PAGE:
Now that Robotic Process Automation (RPA) is combined with AI bots in a no-coding environment where platforms provide turnkey solutions, SME’s will become change leaders, especially as cost barriers vanish. Let’s get up to speed with where it comes from and where it is heading next:
As recently as 2010, artificial intelligence (AI) was used in science-fiction movies only and no one ever suspected that it would be part of day-to-day life. Today research shows that even accountancy practices use it to drive audits.
Since 2010, AI gradually found its way into people’s lives, analyzing personalities in job interviews, helping people to take better smartphone photos and enabling people to make purchases without paying the cashier. It is now being used for beneficial ways, not-so-beneficial ways (e.g. deepfake videos) and controversial things (e.g. surveillance and facial recognition).
With technological advancements, combined with cheaper and easier access to powerful computers, AI has invaded many different parts of life in the last decade. Most of the AI that people mostly encounter relies on machine learning i.e. the ability of a computer to teach itself by intensely studying data. In the past decade, technological developments have been specifically focused on deep learning which mimics the way the brain works. Google figured this out in 2012.
This is just the beginning
AI is still unsophisticated. For example, a machine learning algorithm performs one function and requires loads of data to learn how to do it well. Scientists are still looking for a way for machine learning systems to be better at generalizing and learning from fewer examples.
As Pedro Domingos, a University of Washington computer science professor said, “Ten years ago, deep learning was not on anybody’s radar, and now it’s in everything… We’ve come a thousand miles, but there’s a million miles still to go.”
6 of the many ways AI has impacted lives
AI has impacted lives in many ways in the last 10 years of its journey. Here are six of the many ways it has affected lives.
AI is in most smartphones, e.g. facial recognition for unlocking the phone. Google and Apple are trying to run AI directly on handsets (with chips) so that activities such as speech recognition and translation of words can be performed on the phone instead of a remote computer in order to preserve data privacy. One example is Google’s new transcription app called Recorder which can record and transcribe in real time, can identify various sounds such as applause and music and can run on Google Pixel smartphones.
Facebook used to focus on connecting people when it started in 2004, but now they are obsessed with doing it with AI. After years of research and development, deep learning now supports everything including ads, posts and the way friends can be tagged in photos automatically. AI even knows how to remove hate speech from social networks but still has a long way to go especially in spotting hate speech and violence. Twitter, Instagram and other social networks also rely heavily on AI.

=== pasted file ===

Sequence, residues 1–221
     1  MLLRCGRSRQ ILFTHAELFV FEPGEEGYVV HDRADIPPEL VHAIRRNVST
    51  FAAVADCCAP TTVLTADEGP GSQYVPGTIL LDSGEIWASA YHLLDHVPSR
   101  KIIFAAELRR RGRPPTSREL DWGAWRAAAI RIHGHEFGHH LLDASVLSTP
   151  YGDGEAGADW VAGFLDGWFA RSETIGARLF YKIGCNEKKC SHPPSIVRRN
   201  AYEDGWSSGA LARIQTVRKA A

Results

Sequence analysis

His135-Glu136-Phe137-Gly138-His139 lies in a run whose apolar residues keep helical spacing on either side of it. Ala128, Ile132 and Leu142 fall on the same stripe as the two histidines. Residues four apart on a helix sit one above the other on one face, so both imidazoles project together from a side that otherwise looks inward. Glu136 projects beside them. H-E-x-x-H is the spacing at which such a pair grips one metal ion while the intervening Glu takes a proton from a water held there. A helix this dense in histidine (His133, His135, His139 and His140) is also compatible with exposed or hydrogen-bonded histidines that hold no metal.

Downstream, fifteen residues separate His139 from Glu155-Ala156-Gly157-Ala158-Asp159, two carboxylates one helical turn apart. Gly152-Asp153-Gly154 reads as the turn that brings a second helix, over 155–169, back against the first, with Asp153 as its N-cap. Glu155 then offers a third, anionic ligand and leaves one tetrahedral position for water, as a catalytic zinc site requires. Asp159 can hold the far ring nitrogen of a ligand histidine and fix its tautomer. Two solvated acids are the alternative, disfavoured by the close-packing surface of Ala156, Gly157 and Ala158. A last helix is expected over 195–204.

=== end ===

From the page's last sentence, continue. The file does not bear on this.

People interact with AI often when they talk to Apple’s Siri, Amazon’s Alexa and Google’s Assistant. These helpers notably understand what people are saying and respond with what they want. Virtual assistants began in 2011 when Apple deployed Siri on the iPhone and Google followed with Google Now in 2012, both limited to smartphones. Then Amazon’s Alexa, which came in 2014, helped the virtual assistant market to explode and brought AI to more homes. Google upgraded to Google Assistant in 2016. In the 3rd quarter of 2019, Amazon shipped 10.4 million Alexa-run smart speakers!
AI has improved much. Its capabilities as a surveillance tool have improved too. Facial recognition is its most controversial capability. It identifies people from live or recorded video and still photos by comparing features with those in a database of faces. It’s been used by police, at concerts, airports and other settings. Controversy comes from concerns about accuracy and privacy. In December 2019, a US government study found widespread bias in about 200 facial recognition algorithms and that racial minorities have high risk of being misidentified than whites. San Francisco, Somerville in Massachusetts and Oakland in California and other cities banned the use of the technology by city departments in 2019.
AI is gradually being used to diagnose and manage many kinds of illnesses e.g. identifying lung cancer, gastrointestinal issues and mental health issues. The work is still in early stages, e.g. Mindstrong Health uses an app to measure moods in patients struggling with mental health issues. Auggi is building an app to track digestive health problems for people with chronic gut-related problems. Seed Health is also building its own. Soon there will be many apps helping medical professionals and sick people.
The most amazing use of AI is in the arts though no one can say for sure whether a machine can have creativity. In the past 10 years, AI has been used to make paintings, musical compositions and more. The art can even make money as was seen in the 2018 auctioning of “Edmond de Belamy,” a blurry Old Masters-esque piece of art produced by a machine. The print was created using GANS, a cutting-edge technique.
Suggested reading by Avi Benezra: How RPA affects the travel and tourism industry.